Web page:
AUBURN — A proposed walking-and-biking-path policy could change the way the entire Twin Cities look, said Auburn councilors Monday.
Councilors reviewed a proposed Complete Streets Policy at their Monday workshop meeting. It would require the city to plan for pedestrians, cyclists, wheelchair users, mass transit, delivery vehicles and motorists when they reconstruct a city street or approve a new development.
It's one of the first changes proposed by the Lewiston-Auburn Bicycle-Pedestrian Committee. The group plans to make a similar proposal to Lewiston City Councilors at their April 2 meeting.
"This really hits all of our goals," said Councilor Joshua Shea, a member of the committee. "It affects safety and economic development. We're going to make things safer for people, and we're going to make a better-looking city that is much easier for everybody to deal with."
Committee member Jeremiah Bartlett, of 107 Shepley St., said the idea is to provide streets that work for all residents.
"The idea is to build roads with better connections for all roads at the start," Bartlett said. "If you get it right the first time, you don't have to tear it out and change it later. You are going to save money."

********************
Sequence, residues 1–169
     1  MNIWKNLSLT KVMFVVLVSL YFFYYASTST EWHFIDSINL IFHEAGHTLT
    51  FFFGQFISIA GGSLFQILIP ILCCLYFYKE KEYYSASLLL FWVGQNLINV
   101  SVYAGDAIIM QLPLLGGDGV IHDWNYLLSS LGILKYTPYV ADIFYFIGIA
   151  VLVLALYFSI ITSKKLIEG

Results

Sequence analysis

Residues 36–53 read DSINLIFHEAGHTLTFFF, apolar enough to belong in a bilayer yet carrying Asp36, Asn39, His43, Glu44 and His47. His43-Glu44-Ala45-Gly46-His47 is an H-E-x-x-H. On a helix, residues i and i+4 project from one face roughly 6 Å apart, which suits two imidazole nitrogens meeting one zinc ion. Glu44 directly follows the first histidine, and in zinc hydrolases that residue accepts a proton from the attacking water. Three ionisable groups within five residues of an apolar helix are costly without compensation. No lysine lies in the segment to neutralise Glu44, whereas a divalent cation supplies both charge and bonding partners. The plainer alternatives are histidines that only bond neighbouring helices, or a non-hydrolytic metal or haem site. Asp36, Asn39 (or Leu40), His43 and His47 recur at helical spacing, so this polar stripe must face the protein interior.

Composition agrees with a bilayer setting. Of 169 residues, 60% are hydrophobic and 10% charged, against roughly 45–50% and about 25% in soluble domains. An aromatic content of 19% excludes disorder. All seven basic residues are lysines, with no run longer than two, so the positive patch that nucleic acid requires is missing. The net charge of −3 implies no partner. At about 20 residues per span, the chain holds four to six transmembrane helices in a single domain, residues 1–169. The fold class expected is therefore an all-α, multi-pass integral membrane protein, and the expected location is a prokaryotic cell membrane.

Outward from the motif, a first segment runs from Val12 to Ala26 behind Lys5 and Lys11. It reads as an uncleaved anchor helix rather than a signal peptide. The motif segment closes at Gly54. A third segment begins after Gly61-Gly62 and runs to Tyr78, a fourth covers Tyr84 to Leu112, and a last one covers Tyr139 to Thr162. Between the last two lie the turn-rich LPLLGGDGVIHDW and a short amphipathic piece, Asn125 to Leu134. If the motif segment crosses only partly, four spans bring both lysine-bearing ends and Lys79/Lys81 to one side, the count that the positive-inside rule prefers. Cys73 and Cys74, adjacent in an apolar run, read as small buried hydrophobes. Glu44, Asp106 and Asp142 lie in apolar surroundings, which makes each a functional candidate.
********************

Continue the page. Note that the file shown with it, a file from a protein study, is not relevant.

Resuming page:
It would require the city to consider more than just cars when they plan to reconstruct a road. This would include accommodating bikers, wheelchair users and pedestrians by creating walking paths with recognizable painted lanes and signs, as well as intersection controls within easy reach.
It also requires all changes to fit each neighborhood.
"There may be some misconceptions about the idea, that the complete streets are some kind of bike-lane gestapo," Bartlett said. "That's not really the case. It's trying to look at each facility and decide how it works. It's not bicycle lanes on every single street or a special street project or a mandate for immediate retrofits. It's not some sort of cudgel to get everybody out spending what's left in their budgets."
Minor maintenance, such as filling potholes and crack sealing, could be performed without triggering bike-lane improvements. It would also let the city forgo the changes if they'd expand the road onto private property or into the floodplain, which would be especially expensive and unlikely to be used.
City projects would need approval from the Lewiston-Auburn Bicycle-Pedestrian Committee if they wanted to exempt a reconstruction project.
Councilors said they liked the idea. They're scheduled to vote on the proposal at their April 16 meeting.